Last Sunday, I preached on Revelation 21:1-5, part of which says “God will wipe every tear from their eyes…” When reading it to the congregation in the wake of this week’s news from Buffalo, New York, I felt the heartbreak in this beautiful expression of God’s compassion for Her Creation as the Divine witnessed Good Friday all over again, this time in Buffalo.
Maybe it was my recent coming out of a powerful retreat with other clergy in Holland, or maybe it was the jet lag, or maybe it was knowing a beloved former companion in ministry now pastors in Buffalo as a woman of color. Maybe it was all of it. Or maybe it was how Spirit has been working on me in recent years more and more to keep my heart open even in the midst of the painful and often violent consequences of human beings being out of touch with love and God and Creation.
Now I know the pattern of human and collective psyche in these events. When our gun saturated culture blends with the cancer of white supremacy in a lost soul, violence and tragedy are the result. The demonic lie of projection can take root in human souls such that violence against another person or group or country becomes a siren song, a tragic temptation, an illusion of solution: “if only we or I could just get rid of or control this ‘other.’” Projecting inner tensions, fears, insecurities, and unresolved trauma onto the "other" and making them an enemy, a dehumanized object, is a lie as old as Cain and Abel and at the core of what keeps humanity alienated, in conflict, and out of step with Divine Love.
And I know Jesus calls us to be conscious of all that is in us and to resist this sin of projection with an image of a plank in our own eye (Matthew 7, Luke 6). This is a spiritual practice.
And there is another spiritual practice here: faithful heartbreak.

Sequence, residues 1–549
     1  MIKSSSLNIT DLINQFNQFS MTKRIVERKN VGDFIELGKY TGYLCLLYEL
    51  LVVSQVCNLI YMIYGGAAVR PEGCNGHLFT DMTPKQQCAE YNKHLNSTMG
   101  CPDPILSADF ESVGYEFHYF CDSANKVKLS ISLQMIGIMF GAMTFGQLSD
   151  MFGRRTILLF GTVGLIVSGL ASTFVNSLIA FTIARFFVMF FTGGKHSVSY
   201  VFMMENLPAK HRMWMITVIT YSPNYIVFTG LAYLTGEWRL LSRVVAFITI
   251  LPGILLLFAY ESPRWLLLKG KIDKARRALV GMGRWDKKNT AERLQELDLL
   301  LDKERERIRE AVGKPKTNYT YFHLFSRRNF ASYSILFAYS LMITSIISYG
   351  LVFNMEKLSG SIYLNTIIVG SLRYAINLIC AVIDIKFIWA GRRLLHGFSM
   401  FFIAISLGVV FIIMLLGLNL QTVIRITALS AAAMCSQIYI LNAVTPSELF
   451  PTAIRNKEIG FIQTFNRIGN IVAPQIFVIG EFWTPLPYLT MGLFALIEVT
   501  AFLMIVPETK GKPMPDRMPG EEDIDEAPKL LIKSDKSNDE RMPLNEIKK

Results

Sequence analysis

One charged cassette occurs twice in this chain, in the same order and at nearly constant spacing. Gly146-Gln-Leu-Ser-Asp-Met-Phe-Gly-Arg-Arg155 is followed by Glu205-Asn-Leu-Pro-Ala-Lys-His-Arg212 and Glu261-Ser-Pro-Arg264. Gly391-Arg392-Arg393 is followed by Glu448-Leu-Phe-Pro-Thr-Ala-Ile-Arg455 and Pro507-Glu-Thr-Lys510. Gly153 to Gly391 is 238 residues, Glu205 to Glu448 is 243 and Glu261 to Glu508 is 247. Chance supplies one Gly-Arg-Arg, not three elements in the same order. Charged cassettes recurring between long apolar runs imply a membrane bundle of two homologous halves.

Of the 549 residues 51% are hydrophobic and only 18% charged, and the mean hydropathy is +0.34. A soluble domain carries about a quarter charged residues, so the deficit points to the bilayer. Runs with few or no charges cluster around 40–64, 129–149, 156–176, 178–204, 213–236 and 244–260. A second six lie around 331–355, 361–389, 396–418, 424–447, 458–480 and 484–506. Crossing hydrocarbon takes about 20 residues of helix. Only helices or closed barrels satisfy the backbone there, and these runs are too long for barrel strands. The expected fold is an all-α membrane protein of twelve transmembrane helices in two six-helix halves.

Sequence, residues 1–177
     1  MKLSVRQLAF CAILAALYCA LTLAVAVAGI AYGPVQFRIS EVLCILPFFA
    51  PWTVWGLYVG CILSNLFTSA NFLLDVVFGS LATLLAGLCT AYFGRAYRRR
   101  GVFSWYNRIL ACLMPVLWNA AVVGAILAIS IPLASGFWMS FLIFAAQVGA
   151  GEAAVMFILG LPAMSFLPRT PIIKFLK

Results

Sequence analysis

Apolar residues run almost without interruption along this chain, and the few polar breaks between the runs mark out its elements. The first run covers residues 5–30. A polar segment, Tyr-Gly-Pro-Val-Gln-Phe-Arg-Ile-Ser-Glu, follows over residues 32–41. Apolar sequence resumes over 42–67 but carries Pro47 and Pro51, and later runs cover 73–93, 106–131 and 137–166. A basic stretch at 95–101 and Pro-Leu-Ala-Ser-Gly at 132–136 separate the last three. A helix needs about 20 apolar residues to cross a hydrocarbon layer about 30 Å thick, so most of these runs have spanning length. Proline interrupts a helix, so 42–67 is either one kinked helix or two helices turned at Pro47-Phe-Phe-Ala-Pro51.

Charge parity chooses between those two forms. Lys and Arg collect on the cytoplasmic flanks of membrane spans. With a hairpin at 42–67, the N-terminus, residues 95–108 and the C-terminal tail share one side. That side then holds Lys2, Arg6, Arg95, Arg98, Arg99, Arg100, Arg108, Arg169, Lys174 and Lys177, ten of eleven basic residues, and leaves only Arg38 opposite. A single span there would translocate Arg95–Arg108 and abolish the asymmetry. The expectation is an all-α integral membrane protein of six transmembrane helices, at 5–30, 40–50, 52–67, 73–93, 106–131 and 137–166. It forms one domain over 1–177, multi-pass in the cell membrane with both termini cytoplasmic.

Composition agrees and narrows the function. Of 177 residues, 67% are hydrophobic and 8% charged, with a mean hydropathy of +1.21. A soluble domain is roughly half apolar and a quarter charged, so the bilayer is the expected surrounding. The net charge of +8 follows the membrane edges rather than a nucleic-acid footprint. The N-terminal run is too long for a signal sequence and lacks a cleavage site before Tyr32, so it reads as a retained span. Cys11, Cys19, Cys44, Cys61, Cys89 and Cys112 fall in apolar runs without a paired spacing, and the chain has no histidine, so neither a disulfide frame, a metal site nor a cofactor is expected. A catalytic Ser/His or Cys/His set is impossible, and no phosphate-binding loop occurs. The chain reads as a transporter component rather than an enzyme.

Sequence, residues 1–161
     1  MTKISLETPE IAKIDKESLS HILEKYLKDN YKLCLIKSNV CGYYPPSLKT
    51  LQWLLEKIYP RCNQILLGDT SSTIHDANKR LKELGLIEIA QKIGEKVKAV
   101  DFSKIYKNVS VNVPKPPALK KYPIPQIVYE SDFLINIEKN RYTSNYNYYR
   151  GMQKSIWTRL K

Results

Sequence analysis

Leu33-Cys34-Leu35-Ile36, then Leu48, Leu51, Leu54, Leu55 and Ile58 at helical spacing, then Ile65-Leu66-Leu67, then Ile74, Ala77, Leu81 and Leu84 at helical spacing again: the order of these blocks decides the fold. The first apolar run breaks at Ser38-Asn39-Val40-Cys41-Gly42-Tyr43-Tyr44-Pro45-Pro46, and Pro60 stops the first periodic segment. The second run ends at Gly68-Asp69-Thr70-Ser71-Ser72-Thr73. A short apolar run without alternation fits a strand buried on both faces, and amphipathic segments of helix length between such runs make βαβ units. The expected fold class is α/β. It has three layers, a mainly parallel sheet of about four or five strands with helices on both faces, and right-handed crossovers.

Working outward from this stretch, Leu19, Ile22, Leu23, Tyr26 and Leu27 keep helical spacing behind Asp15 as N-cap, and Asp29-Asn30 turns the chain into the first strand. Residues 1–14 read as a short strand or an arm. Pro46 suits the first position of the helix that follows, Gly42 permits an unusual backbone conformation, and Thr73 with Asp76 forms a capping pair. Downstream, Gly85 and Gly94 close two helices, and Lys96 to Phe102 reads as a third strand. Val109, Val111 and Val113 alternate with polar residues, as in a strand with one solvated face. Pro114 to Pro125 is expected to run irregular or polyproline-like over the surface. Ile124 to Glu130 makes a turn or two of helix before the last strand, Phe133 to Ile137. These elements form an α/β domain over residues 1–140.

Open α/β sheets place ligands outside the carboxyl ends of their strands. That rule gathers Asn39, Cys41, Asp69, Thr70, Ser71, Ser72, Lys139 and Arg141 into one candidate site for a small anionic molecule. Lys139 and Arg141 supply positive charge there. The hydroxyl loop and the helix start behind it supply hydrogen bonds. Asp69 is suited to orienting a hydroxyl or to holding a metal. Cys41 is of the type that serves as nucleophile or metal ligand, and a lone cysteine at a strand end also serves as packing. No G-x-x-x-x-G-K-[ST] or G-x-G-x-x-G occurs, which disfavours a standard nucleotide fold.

Before I move to condemning a perpetrator and complaining about guns or racism or whatever truly misguided value and deeply distorted narrative needs resistance and redirection, I sense I need to feel the heartbreak. Jesus can be my exemplar, weeping for Lazarus in his grave and weeping for Jerusalem. Somehow, I suspect this is part of what keeps us human amidst the inhumanity, that keeps us closer to the Way of Jesus than the way of empire.
The Rev. JT Smiedendorf has been a UCC minister since 2001, serving churches in Oregon, Colorado, Wyoming, and Washington. He has a particular passion for reclaiming the earthy, embodied, and experiential aspect of Christian spiritual practice. He and his wife Allison are co-founders of The Sanctuary for Sacred Union, an inter-spiritual initiative, and he is currently earning a postgraduate Certificate in Psychedelic Therapies and Research. Read more about JT here.
Dear Plymouth Family,
Again, I write to you in the wake of another shooting in Colorado. And as I said in my sermon last Sunday, I will continue to be vocal about the need for sensible gun legislation in our nation.
Last night I was in a meeting with our Strategic Planning Team, one of whose members is a Public Defender, providing legal representation for people in a range of cases, including murder. Something she said really struck home: Many of the people who commit horrendous acts like the one at King Soopers in Boulder last night have severe mental illness and they do horrific things…and the availability of guns makes the fallout so much worse.
As a moral question, I wonder what it is in our society that causes so much mental distress (especially, it seems, among young White men)? What message is our culture sending to people that says violence and mayhem are the only answer? Where are the faith communities in all of this? Why are we a lone voice among faith communities for sensible gun laws?
From a spiritual perspective, I cry out, “How long, O Lord? How long?” What is it in the spiritual lives of Americans (who some claim are a Christian nation) that allows us to tolerate shootings again and again and again? What is NOT being said from the nation’s pulpits?
Columbine. Aurora. Colorado Springs. Thornton. Highlands Ranch. Boulder.
Friends, we in Colorado are at Ground Zero for public shootings. Let’s do something about it. Here are steps you can take:
This hits close to home for Jane Anne (who served Community UCC as an interim minister) and for me as a former resident of that neighborhood in Boulder.
In the coming week, many churches will hear the story of Jesus and the Empire’s myth of redemptive violence…that executing Jesus will make it all go away. You will hear about a triumphal parade that led to desertion, betrayal, sham trial, and crucifixion. That should speak loudly to every person who claims to follow Jesus that violence is not his way, nor should it be ours. And we will also hear the story that violence and death is never God’s final word.
Deep peace and more action,